Private mortgage insurance (PMI) federal income tax deduction returns

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The federal tax deduction for private mortgage insurance (PMI), eliminated by Congress in 2017, is back.

This means that homeowners once again have a shot at this deduction to take some of the pain out of paying premiums for PMI, which is generally required when borrowers make down payments of less than 20 percent, to protect lenders from loss in the event of default.

PMI premiums were deductible from the 2007 through the 2017 tax years, and Congress let this deduction die in 2017 by not renewing it. But Congress revived it with the Further Consolidated Appropriations Act, 2020, introduced by Rep. Bill Pascrell Jr., D-N.J., in March 2019.

Is PMI deductible?

The legislation, signed into law Dec. 20, 2019, not only makes the deduction available again for eligible homeowners for the 2020 and future tax years, but also enables taxpayers to take it retroactively for the 2018 and 2019 tax years by filing amended returns. You can amend federal returns within three years from the date of a timely filing of the original return or up to two years after you paid the tax owed, whichever is later.

But even if you qualify for the deduction, it may not make sense to take it. The deduction is only possible if you itemize deductions. And if your potential itemized deductions total is less than the standard deduction amount for your filing status, you’ll pay less tax by taking the standard deduction instead. Thus, the itemizations and the PMI deduction would be moot for you.

A general rule of thumb is that homeowners pay $50 a month in PMI premiums for every $100,000 of financing. Keep in mind, though, that the amount of the down payment, type of loan and lender requirements can all affect your actual cost.

A better move than deducting PMI is to get rid of it, if you can. Generally, homeowners can get PMI canceled and save the premiums once they achieve the threshold of 20 percent equity in their homes. All too often, homeowners continue to pay for PMI after they could have ended it, though by law mortgage servicers are required to drop this charge when the loan balance falls to 78 percent.

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Time, occupancy restrictions on PMI deduction

The deduction is allowed only if the mortgage on which you pay PMI was taken out on or after Jan. 1, 2007.

While it’s easy to take the PMI deduction, make sure you meet the requirements.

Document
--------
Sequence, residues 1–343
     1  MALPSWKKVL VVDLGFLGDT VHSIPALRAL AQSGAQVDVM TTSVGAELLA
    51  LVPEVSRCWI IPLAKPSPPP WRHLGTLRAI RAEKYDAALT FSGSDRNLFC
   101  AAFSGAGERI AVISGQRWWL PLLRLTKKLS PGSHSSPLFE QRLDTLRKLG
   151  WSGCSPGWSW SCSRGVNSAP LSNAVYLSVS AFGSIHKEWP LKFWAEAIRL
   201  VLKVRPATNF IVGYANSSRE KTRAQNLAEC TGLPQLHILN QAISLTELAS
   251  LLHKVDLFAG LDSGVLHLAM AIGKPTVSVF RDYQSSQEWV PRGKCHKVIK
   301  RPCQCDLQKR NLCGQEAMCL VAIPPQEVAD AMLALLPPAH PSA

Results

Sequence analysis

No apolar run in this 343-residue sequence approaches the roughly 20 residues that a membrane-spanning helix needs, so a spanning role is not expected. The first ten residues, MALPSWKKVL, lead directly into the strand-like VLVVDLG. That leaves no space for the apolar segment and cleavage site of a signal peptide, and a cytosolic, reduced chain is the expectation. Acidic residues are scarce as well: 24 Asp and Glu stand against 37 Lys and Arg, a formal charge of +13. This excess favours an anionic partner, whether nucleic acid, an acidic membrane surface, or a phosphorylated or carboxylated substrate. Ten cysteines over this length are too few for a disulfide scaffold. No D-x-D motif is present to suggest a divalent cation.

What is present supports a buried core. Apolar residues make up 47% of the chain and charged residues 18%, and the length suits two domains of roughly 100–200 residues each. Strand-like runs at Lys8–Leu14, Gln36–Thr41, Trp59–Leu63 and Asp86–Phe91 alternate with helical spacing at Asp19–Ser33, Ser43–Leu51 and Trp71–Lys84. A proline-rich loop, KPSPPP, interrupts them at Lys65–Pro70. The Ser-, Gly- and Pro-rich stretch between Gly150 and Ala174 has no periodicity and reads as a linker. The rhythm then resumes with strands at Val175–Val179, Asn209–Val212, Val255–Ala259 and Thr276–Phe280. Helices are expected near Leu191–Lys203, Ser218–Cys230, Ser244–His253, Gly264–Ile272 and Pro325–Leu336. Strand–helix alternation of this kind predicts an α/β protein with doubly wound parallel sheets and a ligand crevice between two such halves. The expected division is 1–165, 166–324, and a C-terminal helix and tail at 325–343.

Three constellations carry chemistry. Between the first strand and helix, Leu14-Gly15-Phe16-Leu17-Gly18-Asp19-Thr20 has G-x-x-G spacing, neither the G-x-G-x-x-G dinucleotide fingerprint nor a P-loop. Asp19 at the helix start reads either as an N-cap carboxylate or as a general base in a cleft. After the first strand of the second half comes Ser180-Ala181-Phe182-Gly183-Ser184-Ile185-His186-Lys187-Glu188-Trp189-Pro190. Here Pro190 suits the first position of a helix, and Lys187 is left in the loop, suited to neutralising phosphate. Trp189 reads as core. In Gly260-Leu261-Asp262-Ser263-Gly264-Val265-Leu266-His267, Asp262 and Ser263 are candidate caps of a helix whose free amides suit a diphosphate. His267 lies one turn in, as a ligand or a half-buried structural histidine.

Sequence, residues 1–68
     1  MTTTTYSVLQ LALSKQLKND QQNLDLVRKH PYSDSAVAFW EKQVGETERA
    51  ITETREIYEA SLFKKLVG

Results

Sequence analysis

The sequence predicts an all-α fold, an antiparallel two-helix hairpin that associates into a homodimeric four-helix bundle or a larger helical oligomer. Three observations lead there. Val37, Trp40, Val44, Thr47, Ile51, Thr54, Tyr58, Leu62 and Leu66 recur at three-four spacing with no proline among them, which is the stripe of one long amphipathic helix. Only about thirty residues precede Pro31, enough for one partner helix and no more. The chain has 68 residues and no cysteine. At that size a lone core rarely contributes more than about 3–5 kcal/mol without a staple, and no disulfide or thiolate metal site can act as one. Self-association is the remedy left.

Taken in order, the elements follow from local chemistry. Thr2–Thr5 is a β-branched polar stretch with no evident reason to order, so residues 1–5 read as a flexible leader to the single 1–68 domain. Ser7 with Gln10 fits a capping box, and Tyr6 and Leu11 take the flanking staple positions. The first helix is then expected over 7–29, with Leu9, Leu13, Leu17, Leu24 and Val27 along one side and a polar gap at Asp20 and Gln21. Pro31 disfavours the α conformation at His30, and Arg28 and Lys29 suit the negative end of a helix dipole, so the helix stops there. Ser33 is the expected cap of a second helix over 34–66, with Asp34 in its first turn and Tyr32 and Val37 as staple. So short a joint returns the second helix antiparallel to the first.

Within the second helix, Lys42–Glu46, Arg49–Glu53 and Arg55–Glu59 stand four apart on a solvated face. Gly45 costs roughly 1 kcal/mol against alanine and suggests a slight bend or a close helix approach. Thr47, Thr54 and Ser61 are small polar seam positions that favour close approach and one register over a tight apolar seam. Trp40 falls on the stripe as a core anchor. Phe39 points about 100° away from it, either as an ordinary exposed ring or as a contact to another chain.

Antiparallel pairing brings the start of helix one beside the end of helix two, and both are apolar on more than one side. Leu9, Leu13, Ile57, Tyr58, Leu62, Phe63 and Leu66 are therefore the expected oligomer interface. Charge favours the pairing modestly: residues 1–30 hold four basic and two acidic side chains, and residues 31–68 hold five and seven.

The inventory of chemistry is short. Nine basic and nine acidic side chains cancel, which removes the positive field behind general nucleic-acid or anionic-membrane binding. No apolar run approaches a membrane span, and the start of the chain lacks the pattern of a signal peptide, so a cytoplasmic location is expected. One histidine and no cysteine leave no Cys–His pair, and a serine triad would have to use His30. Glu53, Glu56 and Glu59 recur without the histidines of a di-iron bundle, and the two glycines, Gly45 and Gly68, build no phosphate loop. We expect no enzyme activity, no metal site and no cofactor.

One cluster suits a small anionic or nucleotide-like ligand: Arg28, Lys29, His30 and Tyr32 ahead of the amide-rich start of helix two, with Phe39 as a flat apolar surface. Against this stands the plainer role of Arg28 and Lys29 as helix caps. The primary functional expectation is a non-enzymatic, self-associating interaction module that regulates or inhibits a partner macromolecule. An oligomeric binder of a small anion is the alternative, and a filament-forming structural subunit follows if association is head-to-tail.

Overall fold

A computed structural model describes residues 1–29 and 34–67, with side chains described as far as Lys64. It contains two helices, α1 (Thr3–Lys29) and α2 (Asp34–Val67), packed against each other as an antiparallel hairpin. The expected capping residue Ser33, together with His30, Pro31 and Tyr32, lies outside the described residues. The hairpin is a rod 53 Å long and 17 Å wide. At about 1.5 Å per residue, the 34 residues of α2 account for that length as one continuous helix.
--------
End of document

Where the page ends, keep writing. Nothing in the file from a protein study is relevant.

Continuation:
If you refinanced your home since that time, you qualify for the PMI deduction on that loan. However, the mortgage insurance deduction applies to refinances up to the original loan amount, not to any extra cash you might have received with the new home loan.

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You might be able to deduct private mortgage insurance payments on a second home, too. As with your primary residence, the loan on the second home must have been issued in 2007 or later to be deductible.

The PMI on the additional property qualifies only if the home is used by you personally. If you rent it out, then you won’t get PMI help from the IRS unless you claim tax breaks on the home as rental property.

How much tax can you save?

It depends on how much you owe and your tax bracket. The precise calculation can be complicated, as it involves various factors. But to get an idea of the savings available, let’s say your adjusted gross income is $100,000 and you’re paying $120 per month in PMI premiums. Deducting the premiums would reduce your taxable income by $1,440. If you’re in the 20-percent bracket, your annual tax savings would be in the neighborhood of $288 annually ($1,440 X .20).

Income phaseouts for PMI deductibility

Finally, while there is no statutory limit on the amount of PMI premiums you can deduct, the amount might be reduced based on your income.

The deduction begins phasing out when a homeowner’s adjusted gross income, or AGI, is more than $100,000. This income limit applies to single, head of household or married filing jointly taxpayers. The phaseout begins at $50,000 AGI for married persons filing separate returns.

The PMI deduction is reduced by 10 percent for each $1,000 a filer’s income exceeds the AGI limit. The deduction disappears completely for most homeowners whose AGI is $109,000, or $54,500 for married filing separately taxpayers.

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